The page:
I’ll say it again, it was a cheap ending. As much as Buffy and Angel at the end of the episode were trying to talk it out – ultimately they never got a chance to discuss the meat of Angel’s issues. Actually, Angel ended up pushing Buffy to the ground in a fit of rage….and then – BOOM! Snow.
And without a word, they look at the snow, look at each other, and then walk away hand in hand. And that is how the episode ends.
Maybe it’s just me – maybe it’s because I see friends and family deal with depression and a sense of helplessness all the time, that when someone (like Joss Whedon) is telling a story and has a platform for helping people in a positive way, and then takes the easy way out – I get a little mad. Actually – I’m more disappointed.
Maybe the 90’s weren’t like today, where we were openly talking about getting help. Were we talking about how we’re all a little screwed up? Did TV at the time tackle big issues? I honestly cannot remember. I was too busy being a kid. And I don’t mean that to sound insensitive, I meant that to sound like I was completely oblivious. Because I was.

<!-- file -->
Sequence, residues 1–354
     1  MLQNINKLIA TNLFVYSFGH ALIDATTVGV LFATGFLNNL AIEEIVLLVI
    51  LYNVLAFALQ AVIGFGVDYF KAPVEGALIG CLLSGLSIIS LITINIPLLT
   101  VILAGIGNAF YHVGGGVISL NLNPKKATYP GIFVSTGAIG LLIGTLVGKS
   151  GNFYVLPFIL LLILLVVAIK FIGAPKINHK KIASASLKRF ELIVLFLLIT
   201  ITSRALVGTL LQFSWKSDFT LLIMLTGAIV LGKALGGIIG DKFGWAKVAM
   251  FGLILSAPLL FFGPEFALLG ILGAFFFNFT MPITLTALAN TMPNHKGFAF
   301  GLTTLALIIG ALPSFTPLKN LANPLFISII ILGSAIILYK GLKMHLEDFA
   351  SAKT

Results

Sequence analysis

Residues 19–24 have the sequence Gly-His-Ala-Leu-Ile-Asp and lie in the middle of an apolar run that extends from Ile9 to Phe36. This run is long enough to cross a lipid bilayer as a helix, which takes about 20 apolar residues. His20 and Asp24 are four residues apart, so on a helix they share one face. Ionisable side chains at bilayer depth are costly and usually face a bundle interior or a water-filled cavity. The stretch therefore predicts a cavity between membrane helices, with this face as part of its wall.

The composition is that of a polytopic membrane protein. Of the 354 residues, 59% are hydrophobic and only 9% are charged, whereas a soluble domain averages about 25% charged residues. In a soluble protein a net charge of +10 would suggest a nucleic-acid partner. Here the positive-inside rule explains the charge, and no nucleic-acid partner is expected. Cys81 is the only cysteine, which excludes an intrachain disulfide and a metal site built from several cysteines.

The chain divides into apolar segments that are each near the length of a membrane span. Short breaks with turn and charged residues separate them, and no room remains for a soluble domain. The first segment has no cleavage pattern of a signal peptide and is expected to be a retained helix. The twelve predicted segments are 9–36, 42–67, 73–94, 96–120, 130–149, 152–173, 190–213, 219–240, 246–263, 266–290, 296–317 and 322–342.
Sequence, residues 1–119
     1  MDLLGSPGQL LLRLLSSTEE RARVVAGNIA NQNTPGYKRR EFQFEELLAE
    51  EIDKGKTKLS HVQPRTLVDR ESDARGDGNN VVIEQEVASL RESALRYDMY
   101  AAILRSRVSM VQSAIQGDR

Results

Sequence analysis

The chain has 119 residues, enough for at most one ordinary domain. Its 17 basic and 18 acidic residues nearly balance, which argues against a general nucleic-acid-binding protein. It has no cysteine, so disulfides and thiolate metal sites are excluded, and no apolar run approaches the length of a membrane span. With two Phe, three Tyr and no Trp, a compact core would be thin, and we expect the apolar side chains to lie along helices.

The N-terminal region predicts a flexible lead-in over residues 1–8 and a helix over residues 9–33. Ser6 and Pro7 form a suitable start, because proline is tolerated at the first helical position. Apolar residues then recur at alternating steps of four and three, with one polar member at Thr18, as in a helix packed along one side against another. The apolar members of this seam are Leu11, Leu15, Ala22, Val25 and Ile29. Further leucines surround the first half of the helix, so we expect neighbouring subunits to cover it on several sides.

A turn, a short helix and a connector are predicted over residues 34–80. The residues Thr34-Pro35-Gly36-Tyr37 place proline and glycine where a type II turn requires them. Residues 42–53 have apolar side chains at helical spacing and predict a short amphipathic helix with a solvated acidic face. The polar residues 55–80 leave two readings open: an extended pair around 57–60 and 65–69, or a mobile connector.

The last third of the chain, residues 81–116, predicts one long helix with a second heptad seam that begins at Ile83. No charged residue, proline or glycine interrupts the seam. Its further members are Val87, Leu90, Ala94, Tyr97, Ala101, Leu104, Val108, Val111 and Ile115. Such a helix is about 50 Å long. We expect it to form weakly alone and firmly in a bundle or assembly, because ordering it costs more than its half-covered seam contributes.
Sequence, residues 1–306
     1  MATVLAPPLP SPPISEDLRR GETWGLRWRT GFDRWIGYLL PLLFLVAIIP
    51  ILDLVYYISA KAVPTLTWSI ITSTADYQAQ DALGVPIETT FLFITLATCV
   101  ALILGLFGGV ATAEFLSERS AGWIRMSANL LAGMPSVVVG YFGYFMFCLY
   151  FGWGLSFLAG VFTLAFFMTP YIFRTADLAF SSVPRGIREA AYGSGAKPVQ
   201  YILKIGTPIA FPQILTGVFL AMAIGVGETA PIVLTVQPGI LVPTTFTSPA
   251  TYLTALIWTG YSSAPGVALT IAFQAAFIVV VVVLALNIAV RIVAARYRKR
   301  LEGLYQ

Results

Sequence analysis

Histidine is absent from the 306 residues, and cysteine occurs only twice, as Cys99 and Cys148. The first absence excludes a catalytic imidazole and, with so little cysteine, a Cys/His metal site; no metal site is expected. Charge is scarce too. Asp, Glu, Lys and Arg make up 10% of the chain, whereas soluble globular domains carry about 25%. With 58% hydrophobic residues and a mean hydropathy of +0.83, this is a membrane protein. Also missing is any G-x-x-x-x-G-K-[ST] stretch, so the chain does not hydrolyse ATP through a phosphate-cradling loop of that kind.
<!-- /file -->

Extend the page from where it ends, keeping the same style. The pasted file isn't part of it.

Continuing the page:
So, what did you think of this episode? Should we have expected a different ending? Or did you like the silent meaning of soft falling snow? Let me know in the comments!
Until next time – keep on slaying Buffy fans!
4 thoughts on “Virgin Vampire: Amends (S3E10)”
As lifelong residents of the Northeast, we see a lot of snow, and it isn’t really all that beloved by the time the second batch of it hits (the first is an annual novelty). The only snow my wife favors is named Jon.
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See – I knew it’s not that great!
Deus ex machina! Or suicide prevention ex machina, however you want to say it. It’s a theater concept dating back to ancient Greece meaning “God from the machine”; often the convoluted plots of their plays would be solved by a god or goddess descending from the heavens (on a fly rope and pulley system, the titular machine) to undo curses, spells or human error and right the wrongs at the end of comedies (tee-hee, “titular”). I’ve always not been a fan of this episode except that it brought Jenny Calendar back and I loved me some Jenny Calendar. Some days I still try to dress like her.
But I digress. I’ve always thought this ending was a cop-out. And the whole First Evil thing, blah. I don’t care for it. It comes back later and is an annoying pain in the neck.
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YES! This. So glad I’m not alone in feeling this way. 🙂